1. Relative bearings use the ships bow as a
2. True bearings use true north (the geographic
north pole) as the reference point.
3. Magnetic bearings use the magnetic north pole
as the reference point.
Sometimes, all three types of bearings coincide, but
such situations are rare and of a temporary nature.
Lookouts report objects (contacts) in degrees of relative
Figure 3-2 shows the relative bearings around a
ship. An object dead ahead bears 000°, while an object
abeam to starboard bears 090°, and so on. Study this
figure, practice pointing to various objects. Compare
your estimates of their bearings to what the objects
actually bear. With practice, you should be able to report
a contact within 5° to 10° of its actual bearing.
To prevent confusion, the Navy uses a standard
system for pronouncing numerals. The following list
shows how numerals (numbers) are spoken:
Bearings are always reported in three digits and
spoken digit by digit, except that objects dead ahead or
astern (000° or 180°), on either beam (090° or 270°), or
on either bow (045°or 315°) or quarter (135° or 225°)
may be reported as such. For example, a ship bearing
090° may be reported as being abeam to starboard.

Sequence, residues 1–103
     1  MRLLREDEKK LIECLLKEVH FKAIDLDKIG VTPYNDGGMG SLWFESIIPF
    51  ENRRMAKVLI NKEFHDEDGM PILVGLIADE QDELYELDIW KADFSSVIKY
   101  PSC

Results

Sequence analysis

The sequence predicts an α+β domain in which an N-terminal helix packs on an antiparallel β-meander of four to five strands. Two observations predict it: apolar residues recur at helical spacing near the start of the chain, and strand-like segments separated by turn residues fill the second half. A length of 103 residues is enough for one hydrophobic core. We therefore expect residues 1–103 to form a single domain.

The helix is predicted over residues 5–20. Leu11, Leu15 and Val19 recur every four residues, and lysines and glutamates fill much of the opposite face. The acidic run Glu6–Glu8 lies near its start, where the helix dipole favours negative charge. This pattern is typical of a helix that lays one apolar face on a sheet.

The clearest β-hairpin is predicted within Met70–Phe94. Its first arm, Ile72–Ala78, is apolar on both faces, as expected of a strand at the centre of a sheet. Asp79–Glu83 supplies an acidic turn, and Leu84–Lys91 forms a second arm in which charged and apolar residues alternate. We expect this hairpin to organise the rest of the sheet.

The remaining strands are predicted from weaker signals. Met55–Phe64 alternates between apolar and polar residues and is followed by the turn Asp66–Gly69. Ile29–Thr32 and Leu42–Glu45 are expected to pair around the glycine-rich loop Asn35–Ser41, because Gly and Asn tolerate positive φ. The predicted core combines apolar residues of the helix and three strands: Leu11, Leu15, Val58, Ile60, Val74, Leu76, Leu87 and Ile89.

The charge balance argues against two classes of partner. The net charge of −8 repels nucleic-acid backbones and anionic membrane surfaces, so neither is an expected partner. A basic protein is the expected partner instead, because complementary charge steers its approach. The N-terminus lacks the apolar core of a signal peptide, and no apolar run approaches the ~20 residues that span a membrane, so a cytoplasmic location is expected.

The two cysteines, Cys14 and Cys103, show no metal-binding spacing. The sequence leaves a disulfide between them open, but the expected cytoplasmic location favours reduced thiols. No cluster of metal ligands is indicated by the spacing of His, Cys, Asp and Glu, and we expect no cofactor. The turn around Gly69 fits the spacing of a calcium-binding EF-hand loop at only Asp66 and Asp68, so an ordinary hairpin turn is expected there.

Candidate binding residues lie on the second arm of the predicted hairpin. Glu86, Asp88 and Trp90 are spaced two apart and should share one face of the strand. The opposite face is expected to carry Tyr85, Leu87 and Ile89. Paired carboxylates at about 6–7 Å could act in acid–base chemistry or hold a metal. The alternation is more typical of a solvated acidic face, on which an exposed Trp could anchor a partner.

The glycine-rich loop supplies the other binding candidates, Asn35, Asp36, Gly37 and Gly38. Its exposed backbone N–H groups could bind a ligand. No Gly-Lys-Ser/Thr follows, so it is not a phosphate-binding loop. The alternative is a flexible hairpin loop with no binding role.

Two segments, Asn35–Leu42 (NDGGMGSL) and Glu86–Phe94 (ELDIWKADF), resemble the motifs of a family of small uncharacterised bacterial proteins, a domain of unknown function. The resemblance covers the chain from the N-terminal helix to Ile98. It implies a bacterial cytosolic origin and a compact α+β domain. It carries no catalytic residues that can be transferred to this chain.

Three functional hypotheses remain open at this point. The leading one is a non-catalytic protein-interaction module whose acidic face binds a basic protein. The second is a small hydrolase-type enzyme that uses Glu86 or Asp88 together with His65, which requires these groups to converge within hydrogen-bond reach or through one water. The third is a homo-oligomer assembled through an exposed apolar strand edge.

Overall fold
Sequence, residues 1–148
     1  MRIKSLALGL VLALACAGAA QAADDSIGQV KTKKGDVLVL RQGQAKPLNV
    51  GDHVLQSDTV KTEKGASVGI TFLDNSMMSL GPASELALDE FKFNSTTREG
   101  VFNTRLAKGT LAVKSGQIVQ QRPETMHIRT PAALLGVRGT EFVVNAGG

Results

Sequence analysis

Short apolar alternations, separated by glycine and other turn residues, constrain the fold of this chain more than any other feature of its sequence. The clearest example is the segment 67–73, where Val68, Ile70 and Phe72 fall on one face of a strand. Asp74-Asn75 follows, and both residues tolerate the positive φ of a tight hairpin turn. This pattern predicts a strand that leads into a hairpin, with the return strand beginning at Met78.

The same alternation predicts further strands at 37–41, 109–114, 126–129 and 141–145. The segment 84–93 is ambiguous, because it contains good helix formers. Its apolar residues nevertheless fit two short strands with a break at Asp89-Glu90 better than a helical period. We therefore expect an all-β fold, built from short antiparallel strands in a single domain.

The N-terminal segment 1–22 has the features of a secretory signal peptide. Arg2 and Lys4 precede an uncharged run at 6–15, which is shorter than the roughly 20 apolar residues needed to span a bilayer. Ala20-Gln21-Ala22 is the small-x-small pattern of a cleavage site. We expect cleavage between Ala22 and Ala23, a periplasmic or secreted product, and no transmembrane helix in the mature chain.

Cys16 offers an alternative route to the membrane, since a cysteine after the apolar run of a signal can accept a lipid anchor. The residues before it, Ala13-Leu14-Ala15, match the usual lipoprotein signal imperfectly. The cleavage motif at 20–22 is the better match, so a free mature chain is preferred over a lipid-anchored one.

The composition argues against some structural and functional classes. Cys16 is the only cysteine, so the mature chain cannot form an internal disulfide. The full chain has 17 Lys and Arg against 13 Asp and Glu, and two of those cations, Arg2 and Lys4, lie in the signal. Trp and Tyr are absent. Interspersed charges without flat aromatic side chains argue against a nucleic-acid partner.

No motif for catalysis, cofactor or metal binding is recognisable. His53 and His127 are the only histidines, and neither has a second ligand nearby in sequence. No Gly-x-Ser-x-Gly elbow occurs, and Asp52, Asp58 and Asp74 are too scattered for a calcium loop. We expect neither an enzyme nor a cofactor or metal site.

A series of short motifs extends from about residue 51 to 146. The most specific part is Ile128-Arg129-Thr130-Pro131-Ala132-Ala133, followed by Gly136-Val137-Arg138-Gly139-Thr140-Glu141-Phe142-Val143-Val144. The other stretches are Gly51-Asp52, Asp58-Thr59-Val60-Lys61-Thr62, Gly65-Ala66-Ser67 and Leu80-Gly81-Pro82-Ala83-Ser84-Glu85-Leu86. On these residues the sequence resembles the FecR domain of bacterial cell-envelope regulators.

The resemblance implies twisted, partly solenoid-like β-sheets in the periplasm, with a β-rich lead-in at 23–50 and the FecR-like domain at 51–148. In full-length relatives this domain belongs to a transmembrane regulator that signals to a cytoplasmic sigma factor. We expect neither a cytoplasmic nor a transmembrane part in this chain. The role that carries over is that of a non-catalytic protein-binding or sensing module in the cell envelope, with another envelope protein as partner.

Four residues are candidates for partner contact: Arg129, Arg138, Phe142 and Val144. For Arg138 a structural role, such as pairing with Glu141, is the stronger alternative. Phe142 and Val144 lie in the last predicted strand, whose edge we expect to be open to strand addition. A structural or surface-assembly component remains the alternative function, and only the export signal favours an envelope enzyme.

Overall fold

Do not become excited when you report contacts or
other sightings. Failing to use the proper terminology
can result in the OOD wasting time trying to find the
object. Take a few seconds to think about how you are
going to report the sighting. Taking that few seconds
could mean the difference between the entire bridge
looking on the wrong side of the ship for a sighting that
is actually on the other side. Note that the word relative
was not included. It is understood that lookouts report
only in relative bearing.
REPORTING TARGET ANGLE
Target angle is the relative bearing of your ship from
another ship. You may wonder why you would care
what your ship bears from another ship. The OOD uses
target angles as an aid in determining the course of
actions when another ship is sighted. (Target angles are
useful during gunnery and antisubmarine operations.)
Look at figure 3-3. You are the starboard lookout
and you detect a ship on your starboard bow heading at a
right angle across your course. You report to the OOD,
Bridge, starboard lookout, ship broad on the starboard
bow (or zero, fo-wer, fife), target angle tree wun fife.
Assuming that your course is 000°, the OOD knows the
Figure 3-2.Relative bearings.